A Answers (4)
Physical Medicine & Rehabilitation,
Knee pain, especially during running, is usually due to a dysfunction in the hip from above or the ankle/foot from below the knee. Think of the knee as a junction between 2 different stilts. If one does not work right it will put undue stress to the knee.
I would have a qualified health practitioner to assess your gait mechanics first as well as your hip, knee, and ankle/foot mechanics to see if certain joints are not working correctly. From there they should be able to assess your dynamic functional movement to see you squat, hop, and then running mechanics.
Interventions should then take place to address any assessed deficits, and then progress you to proper running techniques.
My first recommendation would be to consult a physician or qualified physical therapist.
Other than that, I would recommend the R.I.C.E. method - Rest, Ice, Compression and Elevation.
First, look at your shoes. Have you been running in the same shoe for more than 6 months? Much of the time when your knee starts to hurt the result is due to a worn shoe. Runners need to change their shoes frequently to be able to endure the constant impact that occurs from running.
Another area to focus on is proper flexibility. Are you stretching before and after running? Make sure your calves and quadriceps stay limber during runs. A great way to have this occur will be to stretch and stretch often. The better your flexibility and the better your body will respond.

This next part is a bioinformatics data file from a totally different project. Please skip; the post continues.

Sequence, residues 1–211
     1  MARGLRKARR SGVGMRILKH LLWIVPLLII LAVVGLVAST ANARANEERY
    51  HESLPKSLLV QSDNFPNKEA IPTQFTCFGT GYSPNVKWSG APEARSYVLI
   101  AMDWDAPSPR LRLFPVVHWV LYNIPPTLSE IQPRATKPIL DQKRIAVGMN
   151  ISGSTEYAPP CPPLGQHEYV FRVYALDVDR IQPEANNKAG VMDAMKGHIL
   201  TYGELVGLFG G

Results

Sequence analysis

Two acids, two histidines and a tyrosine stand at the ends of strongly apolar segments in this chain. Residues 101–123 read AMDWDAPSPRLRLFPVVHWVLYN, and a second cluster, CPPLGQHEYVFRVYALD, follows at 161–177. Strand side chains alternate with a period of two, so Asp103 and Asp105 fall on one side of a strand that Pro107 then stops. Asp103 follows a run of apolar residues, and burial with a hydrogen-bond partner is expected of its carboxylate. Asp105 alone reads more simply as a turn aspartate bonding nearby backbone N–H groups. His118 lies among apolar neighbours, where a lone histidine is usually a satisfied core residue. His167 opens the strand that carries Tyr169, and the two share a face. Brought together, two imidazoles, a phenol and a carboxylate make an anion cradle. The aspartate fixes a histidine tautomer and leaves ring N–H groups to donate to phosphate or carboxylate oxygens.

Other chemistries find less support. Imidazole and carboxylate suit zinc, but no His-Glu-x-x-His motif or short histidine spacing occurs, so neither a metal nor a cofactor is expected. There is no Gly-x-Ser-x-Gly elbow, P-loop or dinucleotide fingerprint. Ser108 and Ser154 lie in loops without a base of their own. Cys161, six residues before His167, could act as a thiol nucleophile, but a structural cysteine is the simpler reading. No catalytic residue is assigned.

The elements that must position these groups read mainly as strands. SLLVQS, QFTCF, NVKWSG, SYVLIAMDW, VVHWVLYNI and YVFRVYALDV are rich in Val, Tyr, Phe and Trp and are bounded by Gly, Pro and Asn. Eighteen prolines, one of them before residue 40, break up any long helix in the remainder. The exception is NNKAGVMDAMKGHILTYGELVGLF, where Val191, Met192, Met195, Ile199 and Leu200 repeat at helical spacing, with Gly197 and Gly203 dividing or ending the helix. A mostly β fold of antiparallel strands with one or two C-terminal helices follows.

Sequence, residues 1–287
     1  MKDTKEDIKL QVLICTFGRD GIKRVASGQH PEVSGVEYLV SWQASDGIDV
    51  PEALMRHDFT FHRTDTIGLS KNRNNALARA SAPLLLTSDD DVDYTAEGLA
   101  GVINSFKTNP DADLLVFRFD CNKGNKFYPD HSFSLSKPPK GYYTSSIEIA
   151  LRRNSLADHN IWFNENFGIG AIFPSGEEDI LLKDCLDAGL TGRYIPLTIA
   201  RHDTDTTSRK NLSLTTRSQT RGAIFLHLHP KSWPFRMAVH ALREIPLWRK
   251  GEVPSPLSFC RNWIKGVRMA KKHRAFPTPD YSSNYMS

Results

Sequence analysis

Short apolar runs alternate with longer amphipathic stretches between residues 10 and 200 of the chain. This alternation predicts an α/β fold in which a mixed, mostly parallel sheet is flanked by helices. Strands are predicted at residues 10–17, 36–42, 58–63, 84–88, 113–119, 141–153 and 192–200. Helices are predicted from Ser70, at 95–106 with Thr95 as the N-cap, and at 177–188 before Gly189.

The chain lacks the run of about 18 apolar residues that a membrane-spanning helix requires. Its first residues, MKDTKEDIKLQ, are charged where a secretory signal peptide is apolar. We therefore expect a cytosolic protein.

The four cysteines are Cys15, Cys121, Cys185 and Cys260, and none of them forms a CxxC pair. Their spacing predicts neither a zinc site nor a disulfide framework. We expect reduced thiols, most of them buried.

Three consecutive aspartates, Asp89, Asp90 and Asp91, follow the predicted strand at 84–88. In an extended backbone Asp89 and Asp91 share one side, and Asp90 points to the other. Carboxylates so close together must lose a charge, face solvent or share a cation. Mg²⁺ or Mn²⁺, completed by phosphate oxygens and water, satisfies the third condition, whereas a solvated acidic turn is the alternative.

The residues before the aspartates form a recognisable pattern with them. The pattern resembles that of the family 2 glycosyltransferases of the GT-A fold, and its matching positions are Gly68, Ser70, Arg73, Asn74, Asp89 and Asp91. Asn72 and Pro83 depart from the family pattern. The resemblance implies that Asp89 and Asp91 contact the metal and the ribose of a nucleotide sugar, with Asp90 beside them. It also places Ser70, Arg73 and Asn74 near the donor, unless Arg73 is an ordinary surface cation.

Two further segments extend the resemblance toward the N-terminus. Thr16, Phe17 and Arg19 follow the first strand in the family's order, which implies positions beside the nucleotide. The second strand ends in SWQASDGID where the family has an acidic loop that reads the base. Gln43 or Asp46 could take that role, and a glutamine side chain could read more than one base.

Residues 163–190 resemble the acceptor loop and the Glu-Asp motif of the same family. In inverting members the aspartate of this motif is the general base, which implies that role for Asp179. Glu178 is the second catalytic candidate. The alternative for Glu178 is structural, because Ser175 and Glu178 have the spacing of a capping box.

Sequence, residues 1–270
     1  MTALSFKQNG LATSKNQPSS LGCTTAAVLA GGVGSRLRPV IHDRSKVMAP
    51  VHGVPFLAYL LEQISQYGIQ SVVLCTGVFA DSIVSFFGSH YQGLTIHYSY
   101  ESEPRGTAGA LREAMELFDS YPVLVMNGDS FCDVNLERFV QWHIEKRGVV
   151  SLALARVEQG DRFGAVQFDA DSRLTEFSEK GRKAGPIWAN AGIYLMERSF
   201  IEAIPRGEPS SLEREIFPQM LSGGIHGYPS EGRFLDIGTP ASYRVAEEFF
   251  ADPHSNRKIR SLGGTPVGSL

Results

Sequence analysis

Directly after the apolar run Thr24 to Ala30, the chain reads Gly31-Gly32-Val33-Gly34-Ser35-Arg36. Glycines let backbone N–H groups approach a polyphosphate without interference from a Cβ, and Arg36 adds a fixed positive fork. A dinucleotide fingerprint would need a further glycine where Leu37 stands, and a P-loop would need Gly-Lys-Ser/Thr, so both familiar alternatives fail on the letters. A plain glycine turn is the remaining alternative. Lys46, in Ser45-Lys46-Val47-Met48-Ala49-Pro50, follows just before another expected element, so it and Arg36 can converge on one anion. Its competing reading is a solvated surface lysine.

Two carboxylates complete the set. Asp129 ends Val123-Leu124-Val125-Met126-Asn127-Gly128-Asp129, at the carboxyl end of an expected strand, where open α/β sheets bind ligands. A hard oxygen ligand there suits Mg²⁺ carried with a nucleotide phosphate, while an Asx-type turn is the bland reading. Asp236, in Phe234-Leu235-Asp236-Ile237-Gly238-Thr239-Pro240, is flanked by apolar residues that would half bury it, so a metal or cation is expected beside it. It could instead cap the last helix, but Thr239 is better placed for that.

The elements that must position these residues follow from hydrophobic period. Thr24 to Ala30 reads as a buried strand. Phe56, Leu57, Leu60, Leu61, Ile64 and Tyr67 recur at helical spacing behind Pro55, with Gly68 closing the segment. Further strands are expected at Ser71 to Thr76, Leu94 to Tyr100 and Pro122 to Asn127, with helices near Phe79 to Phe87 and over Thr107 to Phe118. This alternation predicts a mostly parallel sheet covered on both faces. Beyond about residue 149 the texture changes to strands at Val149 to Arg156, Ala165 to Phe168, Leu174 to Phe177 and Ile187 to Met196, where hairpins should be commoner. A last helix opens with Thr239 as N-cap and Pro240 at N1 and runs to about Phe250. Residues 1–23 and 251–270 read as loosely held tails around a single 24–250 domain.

Lastly, consider strength training. Are you running and doing nothing in addition? Runners need to be sure to include some strength training into their routine so be sure to complete some squats or walking lunges to build the muscles around your knee.
Knee pain can be caused by several different things and if we are looking at running, one of the easy things to look at is footwear. Making sure that you have the right sneaker or running shoe for you is important. Sometimes people do not have enough arch support, or too much arch support, or they have a shoe that is too narrow and it compresses the bones in their feet together that does not let the foot move naturally. In that case if the foot does not move naturally, it has an effect up throughout the rest of the body and that can cause knee discomfort. Many times we can have tight muscles in our calves from sitting or wearing shoes all day or just our posture and when our calves are really tight and it does not let our ankle move, it puts a significant amount of stress on my knee. So doing flexibility techniques before and after running for the calves, hips and thighs; such as self-massage or self-myofascial release and static stretching, the type of stretching that you hold for at least 30 second with good form, doing those things for somewhere between 5-15 minutes before you run can be a way to help with that. Overall if that continues, I would feel free to talk to a physical therapist or a licensed healthcare practitioner to make sure that there is no pathology or serious injury.
This content reflects information from various individuals and organizations and may offer alternative or opposing points of view. It should not be used for medical advice, diagnosis or treatment. As always, you should consult with your healthcare provider about your specific health needs.